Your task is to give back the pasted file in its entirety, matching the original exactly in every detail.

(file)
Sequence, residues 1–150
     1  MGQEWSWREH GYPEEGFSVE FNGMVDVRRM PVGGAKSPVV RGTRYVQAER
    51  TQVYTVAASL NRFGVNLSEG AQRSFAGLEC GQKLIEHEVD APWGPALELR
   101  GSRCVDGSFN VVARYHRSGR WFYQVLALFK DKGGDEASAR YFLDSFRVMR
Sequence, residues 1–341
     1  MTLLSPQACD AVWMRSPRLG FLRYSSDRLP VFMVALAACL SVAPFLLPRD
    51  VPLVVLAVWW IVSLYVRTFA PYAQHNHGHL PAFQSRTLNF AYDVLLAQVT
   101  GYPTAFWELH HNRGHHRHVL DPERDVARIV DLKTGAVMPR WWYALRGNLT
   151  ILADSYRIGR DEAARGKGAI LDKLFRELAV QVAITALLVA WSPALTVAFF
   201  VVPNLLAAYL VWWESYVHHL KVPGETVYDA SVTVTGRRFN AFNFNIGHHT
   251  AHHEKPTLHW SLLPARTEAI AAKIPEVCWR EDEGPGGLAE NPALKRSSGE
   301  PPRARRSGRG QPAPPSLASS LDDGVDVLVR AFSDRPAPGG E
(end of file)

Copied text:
Sequence, residues 1–150
     1  MGQEWSWREH GYPEEGFSVE FNGMVDVRRM PVGGAKSPVV RGTRYVQAER
    51  TQVYTVAASL NRFGVNLSEG AQRSFAGLEC GQKLIEHEVD APWGPALELR
   101  GSRCVDGSFN VVARYHRSGR WFYQVLALFK DKGGDEASAR YFLDSFRVMR
Sequence, residues 1–341
     1  MTLLSPQACD AVWMRSPRLG FLRYSSDRLP VFMVALAACL SVAPFLLPRD
    51  VPLVVLAVWW IVSLYVRTFA PYAQHNHGHL PAFQSRTLNF AYDVLLAQVT
   101  GYPTAFWELH HNRGHHRHVL DPERDVARIV DLKTGAVMPR WWYALRGNLT
   151  ILADSYRIGR DEAARGKGAI LDKLFRELAV QVAITALLVA WSPALTVAFF
   201  VVPNLLAAYL VWWESYVHHL KVPGETVYDA SVTVTGRRFN AFNFNIGHHT
   251  AHHEKPTLHW SLLPARTEAI AAKIPEVCWR EDEGPGGLAE NPALKRSSGE
   301  PPRARRSGRG QPAPPSLASS LDDGVDVLVR AFSDRPAPGG E